Ann Coulter Says Conservatives Not Welcome at UC Berkeley Because 'It's Only Like 25 Percent White'

Conservative commentator Ann Coulter has said that fellow conservative speakers aren't welcome at liberal UC Berkeley because "it's only like 25 percent white."

Speaking in an interview with Breitbart News Tonight on Wednesday evening, the firebrand suggested immigrants had a tough time with the idea of free speech, saying that freedom and democracy "takes a long time to get used to.

"It takes a long time to get used to freedom. It takes a long time to get used to. It's not a natural state. I think it's a very nice state, I think it's wonderful we can pull it off, but to get used to democracy and a constitutional republic and freedom—I think it isn't a surprise people that think its millennials who don't believe in free speech, no millennials are kind of—that's a proxy for immigrants. Immigrants tend to be much younger," she said on the show, which was aired on SirusXM radio.

Ann Coulter addresses the Conservative Political Action conference (CPAC) in Washington, February 12, 2011. Coulter has suggested that immigrants don't understand free speech. Reuters

"Why can no conservative speak at Berkeley? Well, Berkeley—Google this one, too—it's only like 25 percent white," Coulter continued. " You're dealing mostly with immigrants who do not… and in poll, after poll, after poll, after poll, Asian immigrants, Hispanic immigrants, whatever the immigrants are—they will answer questions [like], 'Do you think people have a right to say something that hurts someone's feelings?' No."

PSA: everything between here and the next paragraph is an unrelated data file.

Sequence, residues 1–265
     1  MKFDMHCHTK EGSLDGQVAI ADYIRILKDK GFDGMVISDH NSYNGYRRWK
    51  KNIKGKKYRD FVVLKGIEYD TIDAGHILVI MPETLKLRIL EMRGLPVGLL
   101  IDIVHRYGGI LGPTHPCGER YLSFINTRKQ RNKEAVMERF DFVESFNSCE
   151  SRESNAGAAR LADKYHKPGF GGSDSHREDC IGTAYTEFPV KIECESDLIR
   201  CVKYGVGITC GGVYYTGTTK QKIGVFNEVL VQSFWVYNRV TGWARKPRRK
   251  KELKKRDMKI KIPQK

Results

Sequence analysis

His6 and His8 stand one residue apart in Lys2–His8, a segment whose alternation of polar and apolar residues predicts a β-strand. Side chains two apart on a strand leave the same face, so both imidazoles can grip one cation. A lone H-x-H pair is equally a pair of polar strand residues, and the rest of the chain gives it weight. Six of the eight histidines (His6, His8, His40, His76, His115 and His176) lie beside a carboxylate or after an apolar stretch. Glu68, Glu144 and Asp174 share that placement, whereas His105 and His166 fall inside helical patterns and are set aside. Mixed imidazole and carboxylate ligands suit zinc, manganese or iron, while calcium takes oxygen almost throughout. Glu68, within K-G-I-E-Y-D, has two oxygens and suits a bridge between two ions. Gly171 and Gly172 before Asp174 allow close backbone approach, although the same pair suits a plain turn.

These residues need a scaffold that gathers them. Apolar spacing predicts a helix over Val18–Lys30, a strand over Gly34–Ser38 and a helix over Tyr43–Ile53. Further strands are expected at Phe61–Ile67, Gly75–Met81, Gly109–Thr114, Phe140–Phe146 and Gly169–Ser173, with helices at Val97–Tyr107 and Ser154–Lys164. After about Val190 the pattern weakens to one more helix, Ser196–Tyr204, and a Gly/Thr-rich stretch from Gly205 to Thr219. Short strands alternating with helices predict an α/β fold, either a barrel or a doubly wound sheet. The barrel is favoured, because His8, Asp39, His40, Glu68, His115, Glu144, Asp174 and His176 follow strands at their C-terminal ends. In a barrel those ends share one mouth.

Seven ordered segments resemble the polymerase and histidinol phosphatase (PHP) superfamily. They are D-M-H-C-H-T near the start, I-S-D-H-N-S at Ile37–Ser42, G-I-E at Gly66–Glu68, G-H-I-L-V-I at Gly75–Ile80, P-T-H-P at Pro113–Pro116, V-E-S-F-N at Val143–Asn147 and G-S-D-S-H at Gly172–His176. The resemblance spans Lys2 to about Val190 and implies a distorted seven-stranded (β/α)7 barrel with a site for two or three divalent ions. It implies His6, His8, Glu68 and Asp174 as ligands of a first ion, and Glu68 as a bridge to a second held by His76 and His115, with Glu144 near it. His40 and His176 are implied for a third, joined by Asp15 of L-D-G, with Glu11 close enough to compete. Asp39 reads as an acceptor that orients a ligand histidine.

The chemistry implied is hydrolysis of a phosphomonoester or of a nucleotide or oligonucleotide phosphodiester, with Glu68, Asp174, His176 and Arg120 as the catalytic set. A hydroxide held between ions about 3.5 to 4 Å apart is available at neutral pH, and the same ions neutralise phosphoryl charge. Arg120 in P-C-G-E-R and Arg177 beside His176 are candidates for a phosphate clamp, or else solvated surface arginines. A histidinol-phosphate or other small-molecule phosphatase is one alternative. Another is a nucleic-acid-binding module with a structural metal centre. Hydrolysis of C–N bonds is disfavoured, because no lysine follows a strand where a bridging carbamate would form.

Coulter has a long-running issue with UC Berkeley, having cancelled an appearance at the California college on a previous occasion over security fears and following protest from the students there. Indeed, Berkeley is well known for its ongoing tussle over free speech and debate over who should be given a platform to address students.

In April last year, Coulter's planned speech was cancelled—with both the conservative commentator and the college blaming one another for the cancellation, the BBC reported at the time.

Then Berkeley chancellor Nicholas Dirks said in a statement at the time that there was a risk associated with holding the event.

"Groups and individuals from the extreme ends of the political spectrum have made clear their readiness and intention to utilize violent tactics in support or in protest of certain speakers at UC Berkeley," Dirks said according to NPR. "We cannot wish away or pretend that these threats do not exist."